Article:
These studies will further our understanding of the molecular mechanisms of anti-viral immunity in catfish. Moreover, identification of catfish interferon is an exciting advance and, given the utility of the catfish system, should provide insight into the ways that interferon mediates anti-viral immunity in this and other commercially important fish species.

Publications

  • Park J, Zhou H, Bengten E, Wilson M, Chinchar VG, Clem LW, and Miller NW. 2002. Activation of channel catfish (Ictalurus punctatus) T cells involves NFAT-like transcription factors. Develop. Compar. Immunol. 26: 775 - 784.
  • Bengten, E, Quiniou S, Khayat M, Katagiri T, Miller NW, Clem LW, Warr GW, and Wilson M. 2002. The IgH locus of the channel catfish contains multiple constant region gene sequences: Different genes encode heavy chains of membrane and secreted IgD. J. Immunol. 169:2488-2497.
  • Cioffi C C, Pollenz RS, Middleton DL, Wilson MR, Miller NW, Clem LW, Warr GW, and Ross DA. 2002. Oct2 transcription factor of a teleost fish: Activation domains and function from an enhancer. Arch. Biochem. Biophys. 404:55-61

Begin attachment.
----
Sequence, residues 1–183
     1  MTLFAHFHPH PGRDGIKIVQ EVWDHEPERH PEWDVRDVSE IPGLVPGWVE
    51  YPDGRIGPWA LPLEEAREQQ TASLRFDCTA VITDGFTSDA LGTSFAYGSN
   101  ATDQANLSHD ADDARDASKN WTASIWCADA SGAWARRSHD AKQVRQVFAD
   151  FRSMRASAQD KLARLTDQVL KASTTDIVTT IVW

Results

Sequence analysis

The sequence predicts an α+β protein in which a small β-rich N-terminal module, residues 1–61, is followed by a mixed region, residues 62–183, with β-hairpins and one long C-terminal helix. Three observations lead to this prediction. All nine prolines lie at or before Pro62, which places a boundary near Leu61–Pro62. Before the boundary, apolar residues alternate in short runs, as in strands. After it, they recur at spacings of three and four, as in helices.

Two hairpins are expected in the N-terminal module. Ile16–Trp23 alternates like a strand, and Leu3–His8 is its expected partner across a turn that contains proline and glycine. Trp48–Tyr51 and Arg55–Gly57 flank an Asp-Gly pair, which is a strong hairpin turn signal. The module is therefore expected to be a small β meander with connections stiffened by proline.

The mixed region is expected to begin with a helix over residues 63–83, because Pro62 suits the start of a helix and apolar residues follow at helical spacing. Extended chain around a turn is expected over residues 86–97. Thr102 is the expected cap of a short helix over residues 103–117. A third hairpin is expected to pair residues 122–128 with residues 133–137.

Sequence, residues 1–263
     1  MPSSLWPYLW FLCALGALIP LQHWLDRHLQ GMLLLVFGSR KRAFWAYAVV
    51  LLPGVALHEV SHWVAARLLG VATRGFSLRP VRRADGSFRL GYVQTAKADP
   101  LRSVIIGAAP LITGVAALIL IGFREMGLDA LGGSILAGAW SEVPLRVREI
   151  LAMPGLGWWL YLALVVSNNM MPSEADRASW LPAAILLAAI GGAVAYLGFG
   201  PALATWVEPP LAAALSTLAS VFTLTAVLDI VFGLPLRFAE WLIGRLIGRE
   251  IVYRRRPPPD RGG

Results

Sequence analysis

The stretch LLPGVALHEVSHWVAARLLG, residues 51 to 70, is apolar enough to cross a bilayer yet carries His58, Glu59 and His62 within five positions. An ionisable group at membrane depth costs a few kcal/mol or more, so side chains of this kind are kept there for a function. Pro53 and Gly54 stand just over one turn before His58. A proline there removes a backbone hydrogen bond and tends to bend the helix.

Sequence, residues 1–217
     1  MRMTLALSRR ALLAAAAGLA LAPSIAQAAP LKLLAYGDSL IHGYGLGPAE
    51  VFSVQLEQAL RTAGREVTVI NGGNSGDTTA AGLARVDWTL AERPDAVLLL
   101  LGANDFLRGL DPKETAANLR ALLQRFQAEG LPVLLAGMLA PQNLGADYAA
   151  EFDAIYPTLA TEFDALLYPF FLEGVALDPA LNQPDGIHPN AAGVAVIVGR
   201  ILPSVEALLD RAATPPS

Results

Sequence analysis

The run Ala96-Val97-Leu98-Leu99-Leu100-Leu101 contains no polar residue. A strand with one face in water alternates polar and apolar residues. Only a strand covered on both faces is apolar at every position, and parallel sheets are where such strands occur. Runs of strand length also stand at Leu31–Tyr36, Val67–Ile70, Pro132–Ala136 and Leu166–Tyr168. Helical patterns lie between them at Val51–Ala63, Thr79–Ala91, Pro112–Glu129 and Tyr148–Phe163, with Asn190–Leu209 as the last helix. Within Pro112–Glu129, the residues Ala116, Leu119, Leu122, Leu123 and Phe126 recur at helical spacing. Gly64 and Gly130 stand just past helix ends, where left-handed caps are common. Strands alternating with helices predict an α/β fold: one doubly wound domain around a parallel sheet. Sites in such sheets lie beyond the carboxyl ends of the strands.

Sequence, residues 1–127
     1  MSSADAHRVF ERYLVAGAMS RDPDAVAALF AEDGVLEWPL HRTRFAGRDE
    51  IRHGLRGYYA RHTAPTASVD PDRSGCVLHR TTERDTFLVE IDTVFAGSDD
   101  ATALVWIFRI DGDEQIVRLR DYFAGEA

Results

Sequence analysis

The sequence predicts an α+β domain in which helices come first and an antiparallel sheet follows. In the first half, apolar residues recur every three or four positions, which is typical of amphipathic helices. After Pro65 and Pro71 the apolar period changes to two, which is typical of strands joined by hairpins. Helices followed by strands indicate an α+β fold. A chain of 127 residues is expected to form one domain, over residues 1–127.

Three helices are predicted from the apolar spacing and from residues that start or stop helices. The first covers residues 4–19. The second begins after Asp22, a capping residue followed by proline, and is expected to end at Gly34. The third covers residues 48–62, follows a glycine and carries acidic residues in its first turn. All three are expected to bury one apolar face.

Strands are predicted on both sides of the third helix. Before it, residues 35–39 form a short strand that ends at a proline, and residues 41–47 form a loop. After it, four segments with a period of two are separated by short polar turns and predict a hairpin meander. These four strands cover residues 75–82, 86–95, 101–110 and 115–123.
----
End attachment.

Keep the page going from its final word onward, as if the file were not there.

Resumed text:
• Shen L, Stuge TB, Evenhuis JP, Bengten E, Wilson M, Chinchar VG, Clem LW, and Miller NW. 2003. Channel catfish NK-like cells are armed with IgM via a putative FcmR. Develop. Compar. Immunol. (In press).
  • Zhou, H., E. Bengten, N. W. Miller, L. W. Clem, and M. Wilson. 2003. The T cell receptor beta locus of the channel catfish, Ictalurus punctatus, reveals unique features. J. Immunol. (In press)
  • Zou J, Secombes C, Long S, Miller NW, and Chinchar VG. 2003. Molecular identification and expression analysis of tumor necrosis factor in channel catfish. (submitted)
  • Shen L, Stuge TB, Bengten E, Wilson M, Chinchar VG, Naftel JP, Bernanke JM, Clem LW, and Miller NW. 2003. Characterization of clonal NK-like cells from channel catfish. (submitted)
  • Long S, Wilson M, Bengten E, Clem LW, Miller NW, and Chinchar VG. 2003. Identification of a gene encoding channel catfish interferon. (manuscript in preparation)


Progress 10/01/00 to 09/30/01

Outputs